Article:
Then, in 1985, the MoD floated a query as to why the AK-74 assault rifles had not been tried out. The Army replied that these 17 weapons were imported by MoD without reference to the Army and the AK-74 in any case was of 5.45mm bore whereas the entire Indian Army was planning to be switch to 5.56mm assault rifles. In this war of red tape, the Sixth Army Plan lapsed and so did the funds for the six battalions that were to be equipped.
After induction of IPKF in Sri Lanka and fighting the LTTE equipped with AK-47 assault rifles, the Indian Army perforce had to import 1,00,000 AK-47 rifles (then costing only $300 apiece) and give some 100 per infantry battalion in the IPKF.
Meanwhile the abovementioned 17 x 5.56mm imported rifles were handed over to the DRDO-OFB to develop an indigenous version, and after 15 excruciating years emerged the 5.56 INSAS which was nowhere close to the top 10 assault rifles of the same category available globally. Even today, soldiers guarding the frontline on Siachen Glacier keep a loaded AK-47 next to the personal issue INSAS because there is no guarantee that the latter would not jam at the critical fleeting moment. Frankly, the DRDO-OFB should have gone in for an AK-47 with a matching night sight, which, with double strapped filled magazines gives enough firepower to the soldier.
The Defence Acquisition Council (DAC) finally accorded permission in November 2021 of around 6,70,000 AK-203 assault rifles and the final contract was signed in December 2021
In 2011, a global tender was floated for new generation assault rifles with interchangeable barrels for conventional warfare and counter-insurgency operations is likely to be scrapped. The plan was to go for direct acquisition of 65,000 of these new generation assault rifles at an estimated cost of around 4,850 crore, to equip the 120 infantry battalions deployed on the western and eastern fronts. The Ordnance Factory Board (OFB) was to then subsequently manufacture over 1,13,000 such rifles after getting transfer of technology (ToT) from the foreign vendor or go for joint venture (JV). But this plan was subsequently dropped.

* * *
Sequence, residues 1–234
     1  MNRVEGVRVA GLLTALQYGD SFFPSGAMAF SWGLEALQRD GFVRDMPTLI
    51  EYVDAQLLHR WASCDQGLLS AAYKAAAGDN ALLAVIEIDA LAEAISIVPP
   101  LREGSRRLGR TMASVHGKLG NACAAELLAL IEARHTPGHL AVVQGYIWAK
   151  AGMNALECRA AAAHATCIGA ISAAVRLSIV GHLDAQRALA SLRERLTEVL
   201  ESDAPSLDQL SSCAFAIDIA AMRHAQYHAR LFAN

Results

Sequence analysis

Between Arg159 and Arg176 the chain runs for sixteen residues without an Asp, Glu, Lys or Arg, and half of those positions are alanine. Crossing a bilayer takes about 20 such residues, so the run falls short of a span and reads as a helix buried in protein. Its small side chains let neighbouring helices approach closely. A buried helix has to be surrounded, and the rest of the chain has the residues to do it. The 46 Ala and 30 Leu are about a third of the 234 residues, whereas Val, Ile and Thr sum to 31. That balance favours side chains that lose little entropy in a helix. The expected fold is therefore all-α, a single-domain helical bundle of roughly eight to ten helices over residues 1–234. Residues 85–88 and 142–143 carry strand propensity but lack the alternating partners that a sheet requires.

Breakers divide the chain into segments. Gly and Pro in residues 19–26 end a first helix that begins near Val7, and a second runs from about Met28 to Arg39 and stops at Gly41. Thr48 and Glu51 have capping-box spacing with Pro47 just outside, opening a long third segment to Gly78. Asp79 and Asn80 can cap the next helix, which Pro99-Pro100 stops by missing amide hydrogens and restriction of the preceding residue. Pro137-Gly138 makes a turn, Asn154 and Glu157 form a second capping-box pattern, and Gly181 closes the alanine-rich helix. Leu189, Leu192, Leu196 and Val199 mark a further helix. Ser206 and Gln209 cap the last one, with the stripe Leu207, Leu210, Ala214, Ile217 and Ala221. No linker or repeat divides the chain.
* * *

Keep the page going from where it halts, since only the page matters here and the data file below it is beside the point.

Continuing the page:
On March 3, 2019, Prime Minister Narendra Modi had laid the foundation stone for the AK-203 rifle manufacturing plant - the Indo-Russia Rifles Private Limited (IRRPL) at OFB Korwa in Amethi in presence of President Putin. The joint venture (JV) was between the OFB and Russia’s Rosoboronexport and Kalashnikov Company. At that time it was stated that production of the AK-203 assault rifles will start within one year. Then the skullduggery began with the OFB was quoting a higher price than what a direct import from Russia would have cost. Isn’t it strange that you establish a factory without having decided on price of the weapon to be manufactured?
Eventually, the Defence Acquisition Council (DAC), headed by Defence Minister Rajnath Singh, finally accorded permission in November 2021, for the manufacture, with Russian help, of around 6,70,000 AK-203 assault rifles and the final contract was signed in December 2021. It is quite depressing to note how our bureaucracy works and the red tape with no consideration to the ground situation and the operational requirements of the troops on the frontline. Finally, will we learn anything from all this remains the question.